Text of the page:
If you like your music to sound like it has dragged itself out of the sewer with the sole ambition of punching you in the face until you are nothing but a bloody and unattractive stain on the concrete, then do we have the band for you.
The Drip have released three EPs in the past, but despite being a band since 2007, The Haunting Fear of Inevitability is their first full-length album. Apparently, they were building up the anger over that period because this album chokes, spits and pummels its way through the thirty odd minutes that it is on.
What’s impressive is that all of that scuffling is brought to your ears through some of the crispest production you are likely to hear on this kind of music. You might struggle to catch your bearings in among the chaos but damn you can hear every drumbeat, appreciate every bass twang and bang your head to every riff. This is an album which makes the chaos sound brilliant, and when you’re slap bang in the middle of it, it is hard to imagine being anywhere else.
And yet, underneath that delightful mix of grindcore and crust punk, The Drip are really all about the groove. From the opening track, ‘Blackest Evocation’, they set out a formula, and it’s a formula that serves them well. They blast you with a lovely little battery of noise before finding a groove and settling down into it to see you out. It’s a tactic that means that even in among the snarls and roars from lead singer Brandon Caldwell there is something for you to grab hold of. Some riffs will see you out into the light.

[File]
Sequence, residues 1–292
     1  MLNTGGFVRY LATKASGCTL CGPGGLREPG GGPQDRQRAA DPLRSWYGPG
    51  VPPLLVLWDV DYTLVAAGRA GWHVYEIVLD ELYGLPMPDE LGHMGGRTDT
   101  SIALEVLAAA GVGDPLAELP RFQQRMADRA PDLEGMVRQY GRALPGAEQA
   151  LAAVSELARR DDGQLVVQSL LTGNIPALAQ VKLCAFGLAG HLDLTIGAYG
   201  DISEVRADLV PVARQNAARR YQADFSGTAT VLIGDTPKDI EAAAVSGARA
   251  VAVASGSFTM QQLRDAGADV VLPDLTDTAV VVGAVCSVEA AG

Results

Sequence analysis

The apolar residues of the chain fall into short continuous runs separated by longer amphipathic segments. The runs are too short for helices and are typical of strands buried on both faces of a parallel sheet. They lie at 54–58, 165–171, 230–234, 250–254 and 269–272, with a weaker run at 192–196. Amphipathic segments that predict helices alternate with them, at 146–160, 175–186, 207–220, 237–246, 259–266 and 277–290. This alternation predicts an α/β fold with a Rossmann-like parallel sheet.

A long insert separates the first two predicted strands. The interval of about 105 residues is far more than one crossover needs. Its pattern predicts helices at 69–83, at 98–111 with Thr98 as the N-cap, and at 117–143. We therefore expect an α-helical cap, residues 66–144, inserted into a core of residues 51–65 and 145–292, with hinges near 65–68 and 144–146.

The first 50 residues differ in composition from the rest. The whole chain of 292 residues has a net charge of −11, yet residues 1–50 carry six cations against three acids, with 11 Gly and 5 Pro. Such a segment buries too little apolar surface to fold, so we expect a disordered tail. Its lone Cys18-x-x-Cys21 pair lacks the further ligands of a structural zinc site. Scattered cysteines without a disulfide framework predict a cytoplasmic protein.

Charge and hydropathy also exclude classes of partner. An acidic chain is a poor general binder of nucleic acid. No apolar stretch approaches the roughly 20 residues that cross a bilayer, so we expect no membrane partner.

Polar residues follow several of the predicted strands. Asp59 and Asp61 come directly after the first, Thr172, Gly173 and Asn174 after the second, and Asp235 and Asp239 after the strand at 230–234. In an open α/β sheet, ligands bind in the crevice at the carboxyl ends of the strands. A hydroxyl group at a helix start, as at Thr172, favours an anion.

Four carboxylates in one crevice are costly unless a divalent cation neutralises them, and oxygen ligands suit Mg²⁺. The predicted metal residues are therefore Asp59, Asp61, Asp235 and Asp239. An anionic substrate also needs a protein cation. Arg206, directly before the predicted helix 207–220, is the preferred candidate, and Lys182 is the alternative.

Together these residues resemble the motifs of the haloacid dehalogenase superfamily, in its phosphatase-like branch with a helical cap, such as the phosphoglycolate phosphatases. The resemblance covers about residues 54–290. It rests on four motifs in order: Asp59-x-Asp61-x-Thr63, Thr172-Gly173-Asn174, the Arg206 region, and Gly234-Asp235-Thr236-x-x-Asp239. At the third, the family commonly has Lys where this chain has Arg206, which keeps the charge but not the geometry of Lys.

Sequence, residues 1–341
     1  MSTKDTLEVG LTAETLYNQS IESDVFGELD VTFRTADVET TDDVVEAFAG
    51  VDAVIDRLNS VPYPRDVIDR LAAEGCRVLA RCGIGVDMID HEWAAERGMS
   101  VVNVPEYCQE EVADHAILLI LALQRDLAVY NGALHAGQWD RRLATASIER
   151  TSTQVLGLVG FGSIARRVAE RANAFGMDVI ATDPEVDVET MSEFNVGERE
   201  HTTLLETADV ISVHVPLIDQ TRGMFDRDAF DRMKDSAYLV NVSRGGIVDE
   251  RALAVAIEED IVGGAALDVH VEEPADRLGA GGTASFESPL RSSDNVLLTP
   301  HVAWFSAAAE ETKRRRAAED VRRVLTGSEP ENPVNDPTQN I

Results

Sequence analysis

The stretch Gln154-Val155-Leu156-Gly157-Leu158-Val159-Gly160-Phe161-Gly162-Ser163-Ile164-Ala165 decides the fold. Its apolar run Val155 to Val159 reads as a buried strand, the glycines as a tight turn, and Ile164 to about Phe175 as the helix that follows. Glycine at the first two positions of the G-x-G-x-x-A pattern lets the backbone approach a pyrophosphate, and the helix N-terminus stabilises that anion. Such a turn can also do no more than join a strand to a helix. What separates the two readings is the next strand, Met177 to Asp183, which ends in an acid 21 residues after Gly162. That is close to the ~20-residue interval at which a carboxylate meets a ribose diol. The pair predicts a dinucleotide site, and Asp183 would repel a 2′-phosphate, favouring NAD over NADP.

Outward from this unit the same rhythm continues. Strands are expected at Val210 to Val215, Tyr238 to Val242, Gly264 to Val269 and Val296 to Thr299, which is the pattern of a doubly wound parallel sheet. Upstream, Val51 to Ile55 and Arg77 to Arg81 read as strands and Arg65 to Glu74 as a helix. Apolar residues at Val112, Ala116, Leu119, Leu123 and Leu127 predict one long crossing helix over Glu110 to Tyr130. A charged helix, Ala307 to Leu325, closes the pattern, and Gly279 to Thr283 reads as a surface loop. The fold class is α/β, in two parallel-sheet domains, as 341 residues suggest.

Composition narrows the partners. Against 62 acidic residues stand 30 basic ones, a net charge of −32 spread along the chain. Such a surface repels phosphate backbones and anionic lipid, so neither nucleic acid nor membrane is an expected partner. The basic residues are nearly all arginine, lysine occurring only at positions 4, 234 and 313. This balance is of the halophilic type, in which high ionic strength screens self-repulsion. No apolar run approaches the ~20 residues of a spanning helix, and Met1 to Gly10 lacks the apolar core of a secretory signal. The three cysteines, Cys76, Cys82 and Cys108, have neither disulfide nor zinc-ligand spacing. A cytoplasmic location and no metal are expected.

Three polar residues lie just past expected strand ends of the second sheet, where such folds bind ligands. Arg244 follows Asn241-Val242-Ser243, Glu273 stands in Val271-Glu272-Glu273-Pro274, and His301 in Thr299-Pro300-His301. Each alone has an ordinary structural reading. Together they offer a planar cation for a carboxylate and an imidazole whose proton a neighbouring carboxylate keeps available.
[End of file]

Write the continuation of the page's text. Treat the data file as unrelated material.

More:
Sadly, the formula may also be their weakness. Around the half-way point, this album loses its way a bit. Tracks like ‘Terror War’ blend into ‘Painted Red’ and despite the destruction that is going on in your ears it almost becomes possible to zone out. To let them merge into each other and pass you by. Thankfully, ‘Wretches’ then comes along with its refrain of “you’re fucking wretches” which will get you roaring again.
The Drip’s debut album is far from perfect. However, it is still a damn good listen. Even when it does begin to repeat it is only a small issue, the album only just inches over half an hour long, so you are unlikely to truly find yourself slipping into boredom. When it is hitting and throwing everything it has at you while underpinning that with one hell of a groove, that’s when it’s at its best and that’s when it becomes the perfect album for you.